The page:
I have reviewed the draft evaluation report's discussion regarding criterion 5 (responsiveness and governance) to assess preliminarily whether there is any indication of bias in favor of RegisterORGanization. (One would not expect such bias, of course, since at the time you were unaware of the relationship between Media Access Project and one of the benefactors of the RegisterORGanization proposal.) The draft report contains the following ranking and scores for the eleven proposals:

1. Unity 27.25
2. GNR 26.75
3. ISOC 21.75
4. DotOrg Foundation 20.50
5. UIA 16.75
6. IMS/ISC 14.00
7. Neustar 12.75
8. Register Org 11.75
9. Switch 8.00
10. .Org Foundation 5.00
11. Organic Names 0.00

The summary of the basis for the RegisterORGanization evaluation on responsiveness and governance reads as follows:

Rank 8: RegisterORG

RegisterORG offers has partnered with the Benton Foundation and the Open Society Institute – two non-profits well known for extensive international work. It has committed substantial resources, $2.5 million dollars, so that these organizations may develop input from the noncommercial community and facilitate noncommercial community involvement with .org.

Ultimately, however, RegiserORG retains total control and may ignore any input generated through its noncommercial partners. Neither RegisterORG nor its noncommercial partners has detailed any plan for outreach. Therefore it received a Low rating in the Input/governance cell. RegisterORG has no relationship with the noncommercial community, except via its partnership with Benton and OSI. The extensive relationships of OSI and Benton and the commitment of resources cannot entirely compensate for the lack of detail in the plan, particularly where Benton and OSI appear to be more in a consulting relationship than a true partnership. The Committee therefore gave this bid a "Moderate" rating in its relationship to the community. RegisterORG has participated on the public forum and responded to the questions of the NCDNHC, receiving a High rating in that area.

The bidder has proposed no new services or good works projects, beyond supporting Benton and OSI. The bidder proposes no relationship with the NCDNHC, and has not offered to facilitate participation of noncommercial entities in ICANN.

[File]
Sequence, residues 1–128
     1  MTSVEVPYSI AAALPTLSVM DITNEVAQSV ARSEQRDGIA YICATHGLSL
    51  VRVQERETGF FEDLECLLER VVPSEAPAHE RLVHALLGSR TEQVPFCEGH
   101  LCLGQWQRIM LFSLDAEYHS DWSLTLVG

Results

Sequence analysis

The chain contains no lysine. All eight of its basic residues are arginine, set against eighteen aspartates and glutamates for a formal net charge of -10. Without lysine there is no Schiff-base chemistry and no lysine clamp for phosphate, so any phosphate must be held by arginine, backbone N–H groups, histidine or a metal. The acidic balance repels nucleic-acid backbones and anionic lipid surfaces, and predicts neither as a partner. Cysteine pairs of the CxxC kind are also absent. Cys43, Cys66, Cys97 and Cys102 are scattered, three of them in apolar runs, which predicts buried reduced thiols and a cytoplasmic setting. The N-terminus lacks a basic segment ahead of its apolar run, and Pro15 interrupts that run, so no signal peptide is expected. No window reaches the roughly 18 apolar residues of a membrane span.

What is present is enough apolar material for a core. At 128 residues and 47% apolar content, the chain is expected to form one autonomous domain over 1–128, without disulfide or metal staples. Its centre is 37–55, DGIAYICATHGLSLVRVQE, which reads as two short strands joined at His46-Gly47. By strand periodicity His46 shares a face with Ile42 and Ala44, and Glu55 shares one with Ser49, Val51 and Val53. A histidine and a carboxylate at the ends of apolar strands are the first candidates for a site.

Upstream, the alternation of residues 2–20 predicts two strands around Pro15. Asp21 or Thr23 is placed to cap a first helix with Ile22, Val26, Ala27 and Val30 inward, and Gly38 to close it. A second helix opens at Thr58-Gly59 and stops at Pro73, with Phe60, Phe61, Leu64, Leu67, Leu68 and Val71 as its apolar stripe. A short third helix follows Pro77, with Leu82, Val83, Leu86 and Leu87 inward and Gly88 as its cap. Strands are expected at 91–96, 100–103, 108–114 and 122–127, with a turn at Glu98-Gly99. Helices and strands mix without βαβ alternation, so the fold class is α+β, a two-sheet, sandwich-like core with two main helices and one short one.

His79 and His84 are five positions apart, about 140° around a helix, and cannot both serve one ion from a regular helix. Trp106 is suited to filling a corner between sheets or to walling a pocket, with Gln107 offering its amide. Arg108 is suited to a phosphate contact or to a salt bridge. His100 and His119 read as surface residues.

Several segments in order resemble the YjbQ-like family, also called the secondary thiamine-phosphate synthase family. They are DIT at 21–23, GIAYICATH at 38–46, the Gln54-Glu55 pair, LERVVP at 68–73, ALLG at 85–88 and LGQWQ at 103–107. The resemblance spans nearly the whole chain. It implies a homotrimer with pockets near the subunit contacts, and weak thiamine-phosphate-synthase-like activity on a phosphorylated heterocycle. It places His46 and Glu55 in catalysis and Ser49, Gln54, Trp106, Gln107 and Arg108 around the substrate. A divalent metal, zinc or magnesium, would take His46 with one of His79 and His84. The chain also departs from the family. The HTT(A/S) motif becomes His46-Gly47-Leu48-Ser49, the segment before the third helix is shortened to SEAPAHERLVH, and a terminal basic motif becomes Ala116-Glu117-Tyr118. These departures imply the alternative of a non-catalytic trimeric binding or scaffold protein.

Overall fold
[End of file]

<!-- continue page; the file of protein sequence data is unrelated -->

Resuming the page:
Based on a preliminary review of the report, there is no indication that any interest you have biased the report in favor of RegisterORGanization. Nonetheless, to confirm the absence of bias, the process followed and conclusions reached by the responsiveness and governance subgroup evaluation should undergo an audit by persons not involved in the process to date. ICANN will undertake this audit as part of its final review of the NCDNHC evaluation.


Louis Touton
General Counsel

More Announcements
Domain Name System
Internationalized Domain Name ,IDN,"IDNs are domain names that include characters used in the local representation of languages that are not written with the twenty-six letters of the basic Latin alphabet ""a-z"". An IDN can contain Latin letters with diacritical marks, as required by many European languages, or may consist of characters from non-Latin scripts such as Arabic or Chinese. Many languages also use other types of digits than the European ""0-9"". The basic Latin alphabet together with the European-Arabic digits are, for the purpose of domain names, termed ""ASCII characters"" (ASCII = American Standard Code for Information Interchange). These are also included in the broader range of ""Unicode characters"" that provides the basis for IDNs. The ""hostname rule"" requires that all domain names of the type under consideration here are stored in the DNS using only the ASCII characters listed above, with the one further addition of the hyphen ""-"". The Unicode form of an IDN therefore requires special encoding before it is entered into the DNS. The following terminology is used when distinguishing between these forms: A domain name consists of a series of ""labels"" (separated by ""dots""). The ASCII form of an IDN label is termed an ""A-label"". All operations defined in the DNS protocol use A-labels exclusively. The Unicode form, which a user expects to be displayed, is termed a ""U-label"". The difference may be illustrated with the Hindi word for ""test"" — परीका — appearing here as a U-label would (in the Devanagari script). A special form of ""ASCII compatible encoding"" (abbreviated ACE) is applied to this to produce the corresponding A-label: xn--11b5bs1di. A domain name that only includes ASCII letters, digits, and hyphens is termed an ""LDH label"". Although the definitions of A-labels and LDH-labels overlap, a name consisting exclusively of LDH labels, such as"""" is not an IDN."